Next on the list is the Greenstar Foundation, a multinational
organization based in Los Angeles that promotes solar power – the
Greenstar solar community center “delivers electricity, pure
water, health and education information, and a wireless Internet
connection, to villages in the developing world.” Not bad, thought I – here is another constructive, liberal initiative.
There seems to be a theme here.
One more final check. What if Google is
asked to search for "astro" and "verde" as separate
words? You get some 20,200 entries, mostly astronomical, some green. Then I espied something intriguing, a 26-page document laying out great
chunks of data and diagrams from the Microwave Anisoptropy Probe – now
called the Wilkinson MAP. (Remember our discussion of the Lagrange
points and the MAP spacecraft, successor to COBE, loitering around Earth's
L2 point? I am sure Dr. Fleishman does.) You,
too, can examine the document by clicking here.
The “astro” and the “verde” in this document came from different
sources – Astrophysics (from Princeton University
Department of Astrophysical Sciences) and Licia Verde (the
author’s name). Not an inappropriate neighbor, I thought as I
read the document.
Licia Verde: for those who doubt that
such a person actually exists, here is a photograph served up by Google.
Dr. Verde's 26-page pdf document is recent
and contains fascinating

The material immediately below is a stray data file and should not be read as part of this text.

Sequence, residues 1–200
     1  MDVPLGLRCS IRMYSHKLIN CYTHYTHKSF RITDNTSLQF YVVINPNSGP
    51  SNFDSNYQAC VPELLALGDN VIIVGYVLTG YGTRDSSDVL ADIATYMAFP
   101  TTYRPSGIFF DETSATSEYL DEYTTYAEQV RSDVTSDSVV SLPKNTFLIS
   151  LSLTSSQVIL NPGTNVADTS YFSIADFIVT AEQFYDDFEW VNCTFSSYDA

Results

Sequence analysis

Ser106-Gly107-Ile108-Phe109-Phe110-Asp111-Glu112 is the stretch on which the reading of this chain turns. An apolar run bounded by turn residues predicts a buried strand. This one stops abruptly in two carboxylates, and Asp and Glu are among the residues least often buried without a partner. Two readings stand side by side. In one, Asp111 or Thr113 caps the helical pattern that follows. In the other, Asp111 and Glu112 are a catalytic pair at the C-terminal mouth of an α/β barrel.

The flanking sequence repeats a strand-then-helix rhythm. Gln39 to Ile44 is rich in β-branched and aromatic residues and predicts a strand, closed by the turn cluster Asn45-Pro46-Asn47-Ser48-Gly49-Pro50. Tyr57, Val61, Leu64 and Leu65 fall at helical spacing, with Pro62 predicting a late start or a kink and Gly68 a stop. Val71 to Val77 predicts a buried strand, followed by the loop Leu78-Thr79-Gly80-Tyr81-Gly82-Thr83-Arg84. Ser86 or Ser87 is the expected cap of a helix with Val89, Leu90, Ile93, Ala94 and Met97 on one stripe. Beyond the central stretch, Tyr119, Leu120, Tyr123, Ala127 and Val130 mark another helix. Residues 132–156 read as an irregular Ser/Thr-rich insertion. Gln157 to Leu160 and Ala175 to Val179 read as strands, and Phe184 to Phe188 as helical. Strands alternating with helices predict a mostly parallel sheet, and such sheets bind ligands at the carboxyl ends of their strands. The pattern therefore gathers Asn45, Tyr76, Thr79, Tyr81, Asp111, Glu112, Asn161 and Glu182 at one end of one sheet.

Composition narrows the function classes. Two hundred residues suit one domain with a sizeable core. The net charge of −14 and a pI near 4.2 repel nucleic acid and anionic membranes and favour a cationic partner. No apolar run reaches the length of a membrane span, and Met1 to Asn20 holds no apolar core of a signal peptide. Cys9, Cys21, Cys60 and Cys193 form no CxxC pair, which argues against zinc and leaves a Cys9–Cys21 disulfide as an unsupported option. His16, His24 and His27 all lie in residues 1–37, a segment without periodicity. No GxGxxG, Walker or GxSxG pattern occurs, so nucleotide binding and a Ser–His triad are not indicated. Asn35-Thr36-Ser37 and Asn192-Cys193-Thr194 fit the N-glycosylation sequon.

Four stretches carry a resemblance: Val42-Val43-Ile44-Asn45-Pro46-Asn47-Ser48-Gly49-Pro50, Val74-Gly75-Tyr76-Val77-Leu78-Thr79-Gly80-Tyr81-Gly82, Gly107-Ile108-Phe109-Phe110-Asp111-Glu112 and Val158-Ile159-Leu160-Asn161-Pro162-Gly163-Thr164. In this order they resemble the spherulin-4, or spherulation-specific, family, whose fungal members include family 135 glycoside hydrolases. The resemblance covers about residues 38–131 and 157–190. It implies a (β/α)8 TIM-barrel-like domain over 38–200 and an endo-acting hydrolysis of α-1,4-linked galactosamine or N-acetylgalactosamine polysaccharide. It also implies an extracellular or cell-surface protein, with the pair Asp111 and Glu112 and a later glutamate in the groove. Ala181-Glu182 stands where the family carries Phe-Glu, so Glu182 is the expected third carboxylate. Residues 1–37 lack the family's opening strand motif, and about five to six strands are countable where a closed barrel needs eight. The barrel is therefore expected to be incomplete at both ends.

data on the cosmic microwave background radiation. The author subtly implies
the data will speak volumes. She even offers several bullet point conclusions.
I found them tantalizing but a little
opaque, no doubt a consequence of my unusually high density. Dr. Licia Verde, I discovered after a bit of googling
around, has her name associated with more than a few documents
of this ilk. I haven’t tested its veracity, but
Google reports that "Licia Verde" is associated with
some 4,300 documents on the Internet.
The next item in the "astro + verde"
list was in Spanish, which Google helpfully
offered to translate for me. I responded, sure. What came up was
bizarre, at least if you took it at face value.
Here is what it said:
“Green Light for the Construction of the SOUL”.
It appears that on
the 25th of February 2003, an agreement was concluded for the
construction of the SOUL. Really! This seemingly metaphysical project
I googled on, mightily mystified by such considerations as design and
The SOUL, it turns out, will be the largest and most
powerful radio telescope in the world, the ATACAMA Large
Millimeter Array, a joint venture between the European Southern
Observatory and the NSF. Here is a picture of the proposed grand
venture. (Courtesy: ESO).
get the idea. Having the word "astro" in our name has
put us in the thick of astronomy related websites. A good place for us
process I have described is just the beginning of a neighborhood check, a process akin to
verifying that your lovely new home is not located in the vicinity of a known
toxic waste dump and that the neighbors do mow their lawns regularly. Of
course you can spend a lot of time checking out individual neighbors. How about astroverde.com, astroverde.info, astroverde.us and other such
domain variations? Are they in use? Could they, perchance, be fronts for
hate groups or purveyors of porn?
I thought a minute and decided to save myself a
little finger-walking. It was beginning to sink in that even in
cyberspace there were limits to the awful things one could do with the
It was becoming increasingly clear to me that through no great virtue of our own, we had
stumbled onto a good piece of cyberspace real estate, surrounded by all
manner of stellar neighbors and high-minded activists. Astroverde is in
a good astronomical neighborhood. Our domain name, in which we have
invested a grand total of $8.95, is certain to appreciate in value by leaps and